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  • Infrastructure

    When you travel, you have what’s in your bag—a small portfolio of hopefully not-too-heavy infrastructural components—but beyond that you have to live off the land, in a way. You’re reliant on whatever infrastructure is available wherever you happen to be on a given day, and consequently you learn not to take such things for granted and to adjust your habits accordingly.

    This has been on my mind lately because I’m in the process of setting up a home base here in the US: possibly temporarily, but I’m allowing myself to consider setting up something more permanent.

    The theoretical ideal I’m aiming for is a setup that serves as a jumping-off point for regular travel, but also serves as a soft-landing zone for when I’m done for a spell and want to retreat to a cozy and familiar place that also happens to house tools that grant me powers I might not be able to wield while on the road.

    One example, which I’ve already set up here in my home base test-site, is a consistent audio recording space.

    When I started recording podcasts back in 2016, I bought an above-average, prosumer-grade microphone and over time learned how to use it pretty well.

    A few years in, though, I realized—because of all that experience with podcasting—I could get essentially the same results from what was technically an inferior mic that was better only in the sense that it was more portable: it was much easier to carry around and set up, and was far less likely to be flagged by airport security for hand-screening, which saved me a decent chunk of time while in-transit.

    Our definition of “better” can shift based on the infrastructure we have available and what we’re currently prioritizing.

    While traveling, portability in a mic often trumps slightly better audio output, just as clothing that packs down smaller without wrinkling will typically take precedent over clothing that looks a bit better, but which can’t be easily or quickly stashed in a bag.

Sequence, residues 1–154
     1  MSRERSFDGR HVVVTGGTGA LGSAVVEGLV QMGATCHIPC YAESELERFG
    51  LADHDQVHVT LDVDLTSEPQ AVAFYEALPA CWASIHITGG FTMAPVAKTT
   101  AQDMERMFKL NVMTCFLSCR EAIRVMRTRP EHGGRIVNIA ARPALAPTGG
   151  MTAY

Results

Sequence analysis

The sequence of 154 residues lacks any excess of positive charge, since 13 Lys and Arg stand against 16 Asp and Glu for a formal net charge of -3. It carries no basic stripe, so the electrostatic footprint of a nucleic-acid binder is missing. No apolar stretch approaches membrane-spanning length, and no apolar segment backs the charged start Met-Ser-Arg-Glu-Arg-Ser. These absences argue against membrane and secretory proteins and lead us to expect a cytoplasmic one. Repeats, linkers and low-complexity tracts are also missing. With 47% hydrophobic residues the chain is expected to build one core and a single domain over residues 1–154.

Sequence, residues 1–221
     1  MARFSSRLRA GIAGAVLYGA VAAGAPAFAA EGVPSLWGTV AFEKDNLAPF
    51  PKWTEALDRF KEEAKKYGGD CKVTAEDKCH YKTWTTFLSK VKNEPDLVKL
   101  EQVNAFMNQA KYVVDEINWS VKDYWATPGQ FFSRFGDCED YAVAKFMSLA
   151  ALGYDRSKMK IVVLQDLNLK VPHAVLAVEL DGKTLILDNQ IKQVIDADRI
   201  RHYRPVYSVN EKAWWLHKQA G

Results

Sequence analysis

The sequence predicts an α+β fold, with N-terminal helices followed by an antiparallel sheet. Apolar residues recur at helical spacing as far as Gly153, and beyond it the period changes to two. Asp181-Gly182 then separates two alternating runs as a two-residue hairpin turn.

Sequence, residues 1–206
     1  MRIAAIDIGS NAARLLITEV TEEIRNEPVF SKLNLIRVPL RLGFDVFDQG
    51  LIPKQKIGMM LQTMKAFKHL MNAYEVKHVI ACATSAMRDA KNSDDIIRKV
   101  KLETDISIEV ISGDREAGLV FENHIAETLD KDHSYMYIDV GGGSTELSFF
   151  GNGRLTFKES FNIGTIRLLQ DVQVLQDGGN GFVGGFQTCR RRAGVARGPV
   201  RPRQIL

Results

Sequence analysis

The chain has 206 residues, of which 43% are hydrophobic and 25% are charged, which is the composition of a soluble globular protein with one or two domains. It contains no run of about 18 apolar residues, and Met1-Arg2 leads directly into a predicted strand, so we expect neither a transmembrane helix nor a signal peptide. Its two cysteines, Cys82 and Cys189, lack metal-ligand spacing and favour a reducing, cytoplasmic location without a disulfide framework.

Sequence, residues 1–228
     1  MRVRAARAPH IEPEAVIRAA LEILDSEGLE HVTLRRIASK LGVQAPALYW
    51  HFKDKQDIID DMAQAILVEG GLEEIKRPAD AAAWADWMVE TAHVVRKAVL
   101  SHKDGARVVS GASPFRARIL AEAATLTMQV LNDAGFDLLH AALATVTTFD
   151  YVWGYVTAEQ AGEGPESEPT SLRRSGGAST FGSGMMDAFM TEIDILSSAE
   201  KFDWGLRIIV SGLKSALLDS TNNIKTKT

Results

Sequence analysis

Right now, though, planted at my burgeoning, trial-run home base, I’ve got a vastly better recording setup than I’ve ever consistently had access to in the whole of my recording-voice-things history.

    I reverted from my travel mic to my original, technically superior mic, then upgraded further because I can actually benefit from higher mic quality in this more-optimized space.

    Such an investment would have likely been wasted while on the road, and almost certainly would have become an additional source of stress and strain as I lugged it around. But my infrastructural reality has changed and, consequently, so has my definition of “better.” At least for now.

    Making these sorts of definitional adjustments and subsequent investments—when they’re made thoughtfully and intentionally—can be a positive move, I think.

    I worry, however, that if I’m not careful I’ll become too reliant on some specific setup, some cumbersome collection of infrastructural elements, and that this theoretical reliance will limit my ability to operate at a decently high level within any space, within any set of circumstances. I worry that I might lose the flexibility that has allowed me to live as I do while continuing to produce things that I hope others will find valuable.

    I suspect there’s a point between these two contrasting collections of priorities where a lasting, harmonious equilibrium can be struck.

    That said, I also suspect there will be a (perhaps protracted) period of wobbliness produced by the push-pull influence of these two oft-opposing, infrastructure-oriented prerogatives.

    If you found some value in this essay, consider supporting my work by buying me a coffee.
    The post Infrastructure first appeared on Exile Lifestyle.